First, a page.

_"The reason we stopped you is because we had a report of some kind of a disturbance nearby and you fit the description of the suspects." That was cop number two speaking and as he spoke he took hold of my friends shirt and half-dragged him a couple of feet down the curb and then "planted" him with a contemptful shove. The drum-and-bugle-corps in my head stopped playing, the fireworks ceased, all was silence.
I'm not, by nature, anti-law-enforcement; The alternative to living in a nation of laws is, hmm, well, anarchy, I guess. But few things offend a mans fundamental sense of right-and-wrong, few things attack the integrity of a people, few things interrupt and confound the general welfare and feelings of security of a nation than the actions of those who wrongfully represent authority. How can men be swayed from violence and disorder when those who lead them are immune to the effects of the very laws they impose and those who are entrusted with the peoples safety and well-being abuse both the people and the laws they swear to uphold? Even more basic is the anger felt by most people when they witness the weak and harmless individual being set-upon by the strong. Beyond that, the big cops sudden rough-handling of such a sweet little drunk got me to thinking, maybe I read that cop completely wrong when I credited him with a sense of humor, maybe it wasn't Sartre that leaped to mind a minute-ago, maybe it was Machiavelli...or the Marquis de Sade or that bully in 6th grade who was the terror of the play-ground. Intending to bring an end to this distasteful situation I raised a finger to indicate a desire to speak but as my mouth creaked open the cop turned and glanced in my direction and my jaw locked, there would be no talking to this guy, I could see it in his eyes; The Freedom James had spoken of a moment before suddenly seemed far away, a thing of fable and myth, a scared rabbit that fled at a glance from this man, this cop.
As for James, well, he hadn't fought the officer or resisted him in any way but I could see that he resented being dragged against his will like that and what he said next confirmed my suspicion : "I didn't give you permission to touch me. Am I under arrest?" He was slurring but only slightly, he actually seemed surprisingly coherent as he continued: "And what do you mean by: "some kind of disturbance", don't you know what the disturbance was?" James inunciated each word carefully, in an almost exaggerated fashion and while the cop was still formulating an answer to those several questions he charged in with more: "Because if you don't even know what the disturbance was how could you possibly know anything about suspects? Anyway, suspects are suspected of something, something specific, something definite. I don't think you can be charged with causing "some kind" of a disturbance, can you? Too vague. Besides, if your information is so flaky that you can't even define the nature of the disturbance then the chances are pretty good that any information concerning those involved is probably equally as flaky...maybe more."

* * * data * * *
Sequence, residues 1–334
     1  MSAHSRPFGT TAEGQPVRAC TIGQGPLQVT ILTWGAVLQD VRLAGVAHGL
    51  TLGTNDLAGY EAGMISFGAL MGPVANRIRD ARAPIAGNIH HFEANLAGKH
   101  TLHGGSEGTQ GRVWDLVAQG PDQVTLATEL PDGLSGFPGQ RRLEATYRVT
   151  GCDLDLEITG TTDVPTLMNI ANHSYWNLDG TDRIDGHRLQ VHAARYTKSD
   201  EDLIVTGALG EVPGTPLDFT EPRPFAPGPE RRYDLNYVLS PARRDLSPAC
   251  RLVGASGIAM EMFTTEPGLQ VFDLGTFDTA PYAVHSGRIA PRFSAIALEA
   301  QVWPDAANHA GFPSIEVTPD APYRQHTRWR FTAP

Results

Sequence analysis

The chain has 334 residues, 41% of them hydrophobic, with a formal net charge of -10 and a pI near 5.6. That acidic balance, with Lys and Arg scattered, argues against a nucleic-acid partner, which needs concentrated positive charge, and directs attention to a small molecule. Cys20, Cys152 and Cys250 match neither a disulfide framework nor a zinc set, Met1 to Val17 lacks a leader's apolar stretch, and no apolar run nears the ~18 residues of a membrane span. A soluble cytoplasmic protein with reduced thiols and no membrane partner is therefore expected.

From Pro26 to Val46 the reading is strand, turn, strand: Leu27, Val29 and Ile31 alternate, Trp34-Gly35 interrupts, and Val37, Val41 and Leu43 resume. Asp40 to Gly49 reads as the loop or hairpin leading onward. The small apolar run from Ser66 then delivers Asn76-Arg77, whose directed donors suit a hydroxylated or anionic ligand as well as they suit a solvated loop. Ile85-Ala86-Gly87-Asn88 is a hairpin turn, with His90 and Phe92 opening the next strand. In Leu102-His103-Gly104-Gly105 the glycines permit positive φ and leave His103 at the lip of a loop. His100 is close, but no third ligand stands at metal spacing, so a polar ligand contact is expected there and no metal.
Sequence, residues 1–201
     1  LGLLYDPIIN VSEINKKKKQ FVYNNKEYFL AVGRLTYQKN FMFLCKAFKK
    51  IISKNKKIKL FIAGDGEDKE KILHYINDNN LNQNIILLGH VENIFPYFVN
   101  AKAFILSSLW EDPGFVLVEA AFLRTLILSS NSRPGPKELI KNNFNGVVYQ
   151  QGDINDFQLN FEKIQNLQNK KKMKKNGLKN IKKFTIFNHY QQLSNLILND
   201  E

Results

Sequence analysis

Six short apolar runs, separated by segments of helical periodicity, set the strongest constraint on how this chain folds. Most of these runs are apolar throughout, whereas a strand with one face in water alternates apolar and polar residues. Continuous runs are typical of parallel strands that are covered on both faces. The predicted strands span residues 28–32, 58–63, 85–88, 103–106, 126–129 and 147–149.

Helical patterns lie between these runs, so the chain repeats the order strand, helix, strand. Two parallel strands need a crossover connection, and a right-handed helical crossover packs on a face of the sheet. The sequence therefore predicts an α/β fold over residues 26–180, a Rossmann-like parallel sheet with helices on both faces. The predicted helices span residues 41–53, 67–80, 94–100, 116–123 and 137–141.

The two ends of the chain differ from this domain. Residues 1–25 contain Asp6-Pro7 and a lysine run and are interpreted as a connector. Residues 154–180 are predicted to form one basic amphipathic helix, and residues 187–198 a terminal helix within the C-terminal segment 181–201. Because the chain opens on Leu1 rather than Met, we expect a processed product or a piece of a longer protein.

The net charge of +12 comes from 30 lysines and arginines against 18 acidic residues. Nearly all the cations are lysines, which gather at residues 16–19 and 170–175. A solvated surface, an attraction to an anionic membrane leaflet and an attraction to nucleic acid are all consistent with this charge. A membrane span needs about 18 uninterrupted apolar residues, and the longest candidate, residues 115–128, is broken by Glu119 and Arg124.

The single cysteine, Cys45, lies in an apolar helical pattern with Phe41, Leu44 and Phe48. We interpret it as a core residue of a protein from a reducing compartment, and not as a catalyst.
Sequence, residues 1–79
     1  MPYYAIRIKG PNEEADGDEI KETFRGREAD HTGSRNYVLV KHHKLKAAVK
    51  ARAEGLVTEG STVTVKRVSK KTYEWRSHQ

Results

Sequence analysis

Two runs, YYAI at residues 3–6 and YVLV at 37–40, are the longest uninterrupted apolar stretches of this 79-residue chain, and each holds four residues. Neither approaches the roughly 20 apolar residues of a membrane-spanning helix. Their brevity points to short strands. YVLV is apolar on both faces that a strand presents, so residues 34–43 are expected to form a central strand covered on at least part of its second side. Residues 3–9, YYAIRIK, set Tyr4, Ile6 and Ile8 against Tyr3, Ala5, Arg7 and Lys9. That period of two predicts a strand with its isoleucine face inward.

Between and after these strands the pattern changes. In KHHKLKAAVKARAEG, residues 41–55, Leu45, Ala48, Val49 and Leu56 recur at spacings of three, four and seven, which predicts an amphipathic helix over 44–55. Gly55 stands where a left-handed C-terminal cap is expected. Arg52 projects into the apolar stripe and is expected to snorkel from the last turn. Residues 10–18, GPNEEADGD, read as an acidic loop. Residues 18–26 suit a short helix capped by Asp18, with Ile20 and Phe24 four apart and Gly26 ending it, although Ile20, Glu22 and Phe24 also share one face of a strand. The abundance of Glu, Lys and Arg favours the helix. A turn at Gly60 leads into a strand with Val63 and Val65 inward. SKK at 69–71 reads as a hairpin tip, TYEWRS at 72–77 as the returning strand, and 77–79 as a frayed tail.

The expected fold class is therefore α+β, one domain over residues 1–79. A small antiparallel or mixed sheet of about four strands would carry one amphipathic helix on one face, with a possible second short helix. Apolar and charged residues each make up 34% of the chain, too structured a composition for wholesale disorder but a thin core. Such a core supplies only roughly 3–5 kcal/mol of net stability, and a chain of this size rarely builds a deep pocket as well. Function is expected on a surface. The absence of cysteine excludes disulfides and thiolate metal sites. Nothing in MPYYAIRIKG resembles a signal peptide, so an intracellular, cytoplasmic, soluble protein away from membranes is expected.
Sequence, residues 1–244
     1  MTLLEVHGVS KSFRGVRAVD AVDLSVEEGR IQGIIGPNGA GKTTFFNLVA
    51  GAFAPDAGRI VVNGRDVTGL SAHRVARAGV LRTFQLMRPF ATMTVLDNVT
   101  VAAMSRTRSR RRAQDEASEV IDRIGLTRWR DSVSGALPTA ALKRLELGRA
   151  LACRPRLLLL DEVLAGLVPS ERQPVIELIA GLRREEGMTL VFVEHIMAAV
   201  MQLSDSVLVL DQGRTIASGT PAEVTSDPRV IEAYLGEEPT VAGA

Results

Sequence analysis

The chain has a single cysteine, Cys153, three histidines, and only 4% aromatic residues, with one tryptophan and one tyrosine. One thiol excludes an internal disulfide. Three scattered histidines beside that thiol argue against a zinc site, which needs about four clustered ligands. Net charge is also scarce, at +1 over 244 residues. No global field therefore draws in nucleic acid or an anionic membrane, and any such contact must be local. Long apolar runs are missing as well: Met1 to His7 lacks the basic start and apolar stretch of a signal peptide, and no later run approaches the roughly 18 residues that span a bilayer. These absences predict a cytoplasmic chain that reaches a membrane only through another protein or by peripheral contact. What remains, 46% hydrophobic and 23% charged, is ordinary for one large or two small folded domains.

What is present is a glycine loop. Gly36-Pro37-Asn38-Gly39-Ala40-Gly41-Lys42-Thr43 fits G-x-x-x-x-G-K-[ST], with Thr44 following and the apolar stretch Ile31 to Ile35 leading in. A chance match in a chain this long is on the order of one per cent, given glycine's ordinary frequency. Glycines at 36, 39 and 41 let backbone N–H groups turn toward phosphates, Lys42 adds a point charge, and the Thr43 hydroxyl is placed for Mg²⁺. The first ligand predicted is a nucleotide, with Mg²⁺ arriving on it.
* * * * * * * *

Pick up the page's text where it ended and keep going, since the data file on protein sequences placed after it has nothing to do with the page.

I got a strange feeling in my gut when my little red-headed friend said that. Giving police-officers a lot of guff was not something I recommended to anyone and in this particular situation, with us clearly drunk and all, well, I was having my doubts about Jim's judgement. He did seem pretty smart though, well-spoken in a gruff kind of way. I glanced over at him and he was turned half-around glaring up at the two officers who were, in turn, staring down at him with their hands on their hips. James beard bristled and steam was rising from his head; his bad eye was seeping but his good one was bright and penetrating. The only thing that distinguished him from an Old Testament prophet was the nature of his thirst...theirs being for water. I blinked and looked at the cops.
The officer who had been first on the scene seemed fairly calm, he was even chuckling a little, his partner on the other hand, though trying to hide it behind a forced smile, was pissed. I noticed with a bit of a start that his right hand was not actually on his hip in the regularly understood sense but was, instead, draped over the butt of his side-arm, gunslinger-style. Now please don't get me wrong, I'm not implying that he was going to shoot James or that he was even thinking about it I'm just saying that he was getting awfully friendly with that 9mm and if he carressed it much more it was going to go-off or something and if it did James would have been it's likely target. Well, maybe target isn't the right word, maybe victim is the word I'm looking for... accidental shooting victim, Jesus. I began to slowly wiggle sideways along the curb away from James and, hopefully, away from even the slightest possibility of being accidentally shot in the back-of-the-head by a stray round fired execution-style by a remorseful, berserk cop. Thankfully, I was saved from the agony of exposing my roasted hindquarters to any unneeded friction by the disgusting sound of Jim clearing his throat and spitting and the disturbing realization that cop number two was looking at me now and his hand was still shamelessly flirting with that big pistol.